British Era Iron Pier Harbour Chennai – Photo 1870

Probably one of the earliest photos (1870) of the British-era iron pier harbour in Madras, now Chennai. Because of an inlet-less coast ships would anchor at the outer sea in the early days. And with the help of masula boats, passengers and cargo were ferried from ship to coast.

This caused cargo loss impediments because of pilfering and rough weather, a pier was proposed for docking of ships. The British East India Company earnestly took up the construction of the new pier that was completed in 1861.

It consisted of a ‘T’ shaped jetty protruding from the beach into the sea. With a length of 1000 feet and 40 feet width, with a ‘T’-head. It was a simple design but unprotected against the vagaries of the weather.

Probably because of lack of funds or lack of good technology? We may not know the exact reason. Predictably a violent storm did indeed badly damage the pier in around 1870. So much so the pier was breached in half. The crippled jetty was then repaired and put back into use again by 1875.

See post- Breach Of The Madras Iron Pier – Old Print 1895.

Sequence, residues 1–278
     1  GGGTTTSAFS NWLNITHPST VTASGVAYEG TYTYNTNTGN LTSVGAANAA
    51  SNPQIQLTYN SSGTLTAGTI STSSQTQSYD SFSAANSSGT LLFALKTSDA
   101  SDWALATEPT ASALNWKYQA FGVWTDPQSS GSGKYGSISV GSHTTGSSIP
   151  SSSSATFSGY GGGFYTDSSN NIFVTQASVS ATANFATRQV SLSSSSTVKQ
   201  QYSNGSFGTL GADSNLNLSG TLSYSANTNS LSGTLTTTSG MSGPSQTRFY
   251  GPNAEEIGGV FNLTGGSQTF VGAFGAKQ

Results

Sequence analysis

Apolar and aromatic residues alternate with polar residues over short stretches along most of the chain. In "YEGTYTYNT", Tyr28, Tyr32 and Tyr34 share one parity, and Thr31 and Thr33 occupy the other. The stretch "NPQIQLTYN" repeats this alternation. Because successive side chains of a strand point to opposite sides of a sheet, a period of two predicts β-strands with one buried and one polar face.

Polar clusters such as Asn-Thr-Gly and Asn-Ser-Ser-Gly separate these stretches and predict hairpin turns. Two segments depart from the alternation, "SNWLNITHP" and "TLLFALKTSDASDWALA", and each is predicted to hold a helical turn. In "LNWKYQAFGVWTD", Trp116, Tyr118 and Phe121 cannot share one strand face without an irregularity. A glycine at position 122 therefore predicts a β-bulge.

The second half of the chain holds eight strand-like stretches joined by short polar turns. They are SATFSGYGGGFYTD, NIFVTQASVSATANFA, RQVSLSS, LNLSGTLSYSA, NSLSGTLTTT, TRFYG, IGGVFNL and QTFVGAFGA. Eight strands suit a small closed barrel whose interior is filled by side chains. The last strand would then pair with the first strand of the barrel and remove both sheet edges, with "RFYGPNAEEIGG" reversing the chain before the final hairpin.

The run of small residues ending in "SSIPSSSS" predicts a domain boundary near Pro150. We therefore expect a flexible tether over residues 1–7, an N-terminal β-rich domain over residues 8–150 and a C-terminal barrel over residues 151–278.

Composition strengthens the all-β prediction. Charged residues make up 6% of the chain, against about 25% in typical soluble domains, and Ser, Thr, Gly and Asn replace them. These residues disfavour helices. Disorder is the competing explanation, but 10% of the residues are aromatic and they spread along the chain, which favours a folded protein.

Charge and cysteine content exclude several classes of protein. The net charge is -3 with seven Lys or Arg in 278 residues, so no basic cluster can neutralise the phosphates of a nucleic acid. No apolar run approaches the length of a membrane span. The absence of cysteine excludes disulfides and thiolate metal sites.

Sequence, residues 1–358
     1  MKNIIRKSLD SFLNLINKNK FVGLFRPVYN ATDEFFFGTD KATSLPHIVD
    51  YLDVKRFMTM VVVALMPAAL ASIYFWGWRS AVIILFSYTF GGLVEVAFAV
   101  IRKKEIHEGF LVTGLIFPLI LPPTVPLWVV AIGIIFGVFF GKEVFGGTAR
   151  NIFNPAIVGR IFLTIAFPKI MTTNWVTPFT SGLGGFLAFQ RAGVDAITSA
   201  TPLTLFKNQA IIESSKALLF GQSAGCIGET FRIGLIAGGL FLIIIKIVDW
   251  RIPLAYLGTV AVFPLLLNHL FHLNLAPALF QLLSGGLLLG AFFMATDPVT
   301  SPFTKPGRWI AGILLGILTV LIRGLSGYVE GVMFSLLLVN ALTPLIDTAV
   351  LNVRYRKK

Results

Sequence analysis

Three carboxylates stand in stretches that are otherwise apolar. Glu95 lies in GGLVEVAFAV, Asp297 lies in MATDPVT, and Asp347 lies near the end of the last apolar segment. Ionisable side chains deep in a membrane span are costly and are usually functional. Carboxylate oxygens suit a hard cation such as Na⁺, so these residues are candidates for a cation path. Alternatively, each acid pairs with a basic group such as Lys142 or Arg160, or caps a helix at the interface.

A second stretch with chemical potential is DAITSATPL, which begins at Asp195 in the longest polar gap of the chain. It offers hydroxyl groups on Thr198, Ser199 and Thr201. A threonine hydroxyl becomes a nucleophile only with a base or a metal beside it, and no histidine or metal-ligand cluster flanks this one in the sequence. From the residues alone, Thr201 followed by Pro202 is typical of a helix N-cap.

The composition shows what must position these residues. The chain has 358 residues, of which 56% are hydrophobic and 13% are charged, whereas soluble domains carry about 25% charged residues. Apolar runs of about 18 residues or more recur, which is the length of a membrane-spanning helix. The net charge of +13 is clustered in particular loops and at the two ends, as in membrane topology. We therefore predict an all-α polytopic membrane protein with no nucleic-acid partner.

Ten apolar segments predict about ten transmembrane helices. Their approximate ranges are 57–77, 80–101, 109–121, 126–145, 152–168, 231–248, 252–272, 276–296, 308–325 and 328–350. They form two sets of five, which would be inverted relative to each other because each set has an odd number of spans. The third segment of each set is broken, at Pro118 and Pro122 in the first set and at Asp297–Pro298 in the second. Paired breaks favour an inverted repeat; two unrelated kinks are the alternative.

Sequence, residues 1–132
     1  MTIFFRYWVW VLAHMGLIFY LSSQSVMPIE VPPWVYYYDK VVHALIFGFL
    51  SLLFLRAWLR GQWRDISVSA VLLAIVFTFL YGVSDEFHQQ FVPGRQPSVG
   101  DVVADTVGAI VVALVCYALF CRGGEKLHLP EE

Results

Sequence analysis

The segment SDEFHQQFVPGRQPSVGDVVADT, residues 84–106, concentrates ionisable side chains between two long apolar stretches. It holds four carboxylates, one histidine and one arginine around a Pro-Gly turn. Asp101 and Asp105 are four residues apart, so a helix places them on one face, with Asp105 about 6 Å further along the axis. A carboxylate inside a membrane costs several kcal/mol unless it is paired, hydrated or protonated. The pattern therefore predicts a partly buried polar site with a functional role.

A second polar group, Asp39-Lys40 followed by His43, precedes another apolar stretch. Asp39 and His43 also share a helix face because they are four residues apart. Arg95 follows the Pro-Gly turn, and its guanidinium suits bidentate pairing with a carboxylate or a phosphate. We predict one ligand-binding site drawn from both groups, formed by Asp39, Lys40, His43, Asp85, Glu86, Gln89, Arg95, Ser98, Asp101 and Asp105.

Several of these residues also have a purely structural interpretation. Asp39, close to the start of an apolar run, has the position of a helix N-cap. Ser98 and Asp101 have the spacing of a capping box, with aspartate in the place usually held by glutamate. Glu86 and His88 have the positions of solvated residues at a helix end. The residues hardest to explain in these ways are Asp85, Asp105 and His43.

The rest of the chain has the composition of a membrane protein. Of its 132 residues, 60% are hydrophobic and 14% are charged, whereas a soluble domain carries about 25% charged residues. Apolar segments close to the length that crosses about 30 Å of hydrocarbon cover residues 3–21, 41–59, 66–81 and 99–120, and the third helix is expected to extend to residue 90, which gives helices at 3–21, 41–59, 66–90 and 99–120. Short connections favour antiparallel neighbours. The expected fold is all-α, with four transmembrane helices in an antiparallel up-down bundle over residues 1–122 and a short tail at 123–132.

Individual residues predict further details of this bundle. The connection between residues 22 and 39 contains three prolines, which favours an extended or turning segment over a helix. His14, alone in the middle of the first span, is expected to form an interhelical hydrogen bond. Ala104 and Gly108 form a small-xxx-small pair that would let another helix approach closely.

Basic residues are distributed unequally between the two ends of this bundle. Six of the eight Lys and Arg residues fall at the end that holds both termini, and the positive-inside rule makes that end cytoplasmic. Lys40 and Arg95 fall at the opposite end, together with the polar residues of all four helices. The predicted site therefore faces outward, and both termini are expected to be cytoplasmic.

Later concrete breakwater barriers were constructed encircling the harbour with an opening for ships to pass. By the late 19th century and early 20th century, a permanent harbour was commissioned. Enabling passenger steamers and cargo ships to berth safely without any interruptions or setbacks. Click on the photo for better view.

Read also-The man who taught us how to love Madras. 

Did you know- the German warship Emden bombarded Madras city and the harbour in WW1. 

From the collection-  Raja Ravi Varma’s “Birth of Shakuntala” Oleograph 1894., King George V In 1911 Delhi Durbar – Old Postcard., Vintage Book 1913 – The Peoples of India., Ooty Steam Loco Train Halt Over Bridge – Old Photo 1909

The images are of the actual items from my collection. And Not a photocopy, pirated, reproduced, or stock photos or taken from other sources.

Photo Details

Year -

1889

Photograph Size -

5¾x3¾ Inch

Photographer -

unknown